“In the past, it would have been hard to compete with the lower labor costs overseas, but now with the efficiencies we have in the west, and with the tariff incentives, we should be competitive,” Yu says.
While 90 percent of the company’s roughly $122 million in sales comes from the U.S., the remainder comes primarily from Asia, Wu says. And thanks to the free trade agreement that the U.S. inked with Korea in 2012, Yu says his products now price competitively with rival products from China and Taiwan.
With those factors in mind, Yu says he welcomes the TPP, which will lower trade barriers with numerous Asian countries, including Malaysia and Vietnam.
“We are looking to expand our exports back to Asia,” Yu says, adding that at a recent trade show in Korea, the company oversold its capacity.
Still, not everyone is so happy with the idea of more trade pacts. Currently, the U.S. has agreements with 20 countries on the books.
Mark Dwight, founder and owner of Rickshaw Bagworks, also an Inc. 5000 company based in San Francisco, California, says he thinks the U.S. should focus more on supporting its manufacturing base, rather than looking continually to expand markets overseas.
“In the interest of being free-trade oriented, we have crippled our own manufacturing capabilities and traded them away,” Dwight says, adding that although he doesn’t consider himself a protectionist, he also thinks free trade agreements don’t adequately address worker, environmental concerns and other ethical considerations.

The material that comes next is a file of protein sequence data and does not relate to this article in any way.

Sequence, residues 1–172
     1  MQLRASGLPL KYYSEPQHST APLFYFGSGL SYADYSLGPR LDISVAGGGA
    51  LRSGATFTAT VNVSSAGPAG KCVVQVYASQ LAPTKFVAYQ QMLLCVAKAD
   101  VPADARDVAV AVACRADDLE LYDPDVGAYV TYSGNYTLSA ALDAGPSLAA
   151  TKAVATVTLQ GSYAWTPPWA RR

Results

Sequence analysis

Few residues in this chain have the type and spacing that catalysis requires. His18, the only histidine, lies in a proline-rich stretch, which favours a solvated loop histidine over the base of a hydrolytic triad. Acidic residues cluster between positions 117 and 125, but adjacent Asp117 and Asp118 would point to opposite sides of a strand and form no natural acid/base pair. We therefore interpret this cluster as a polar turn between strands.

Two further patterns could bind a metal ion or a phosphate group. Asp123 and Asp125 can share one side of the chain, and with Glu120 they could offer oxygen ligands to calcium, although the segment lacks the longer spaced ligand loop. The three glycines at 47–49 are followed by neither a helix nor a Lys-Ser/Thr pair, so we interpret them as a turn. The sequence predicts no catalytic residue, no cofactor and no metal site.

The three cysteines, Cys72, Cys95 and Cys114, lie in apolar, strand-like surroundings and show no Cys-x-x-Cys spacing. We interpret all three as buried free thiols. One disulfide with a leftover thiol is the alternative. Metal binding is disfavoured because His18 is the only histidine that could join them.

Rickshaw, which has approximately $3 million in sales, produces all of its products in San Francisco, with materials that are primarily sourced in the U.S., including from Oates’ mill in North Carolina.
Dwight’s 30 workers produce bags, wallets and totes from a 6,000 square foot brick and timber facility in San Francisco’s Dogpatch neighborhood. His workers are paid $22 an hour on average--far more than counterparts producing cheaper products overseas, including in potential new trading partner countries.
Just the same, by manufacturing in the U.S., Dwight has had to make some sacrifices in terms of design complexity to make his product affordable. It’s also meant he sells to a very specific market, interested in owning something produced in the U.S.
Of course, Rickshaw’s products now benefit from a special status that allows it to compete with cheaper overseas bags and backpack vendors, which must pay a 17.5 percent tariff. Trade deals like the TPP could eliminate that advantage.
And what’s at stake could be the ongoing existence of one of the economy’s most vital underpinnings, which is our ability to manufacture and create products for ourselves.
“The argument that the American consumer benefits from low-cost offshoring is a true statement, but at what cost?” Dwight says.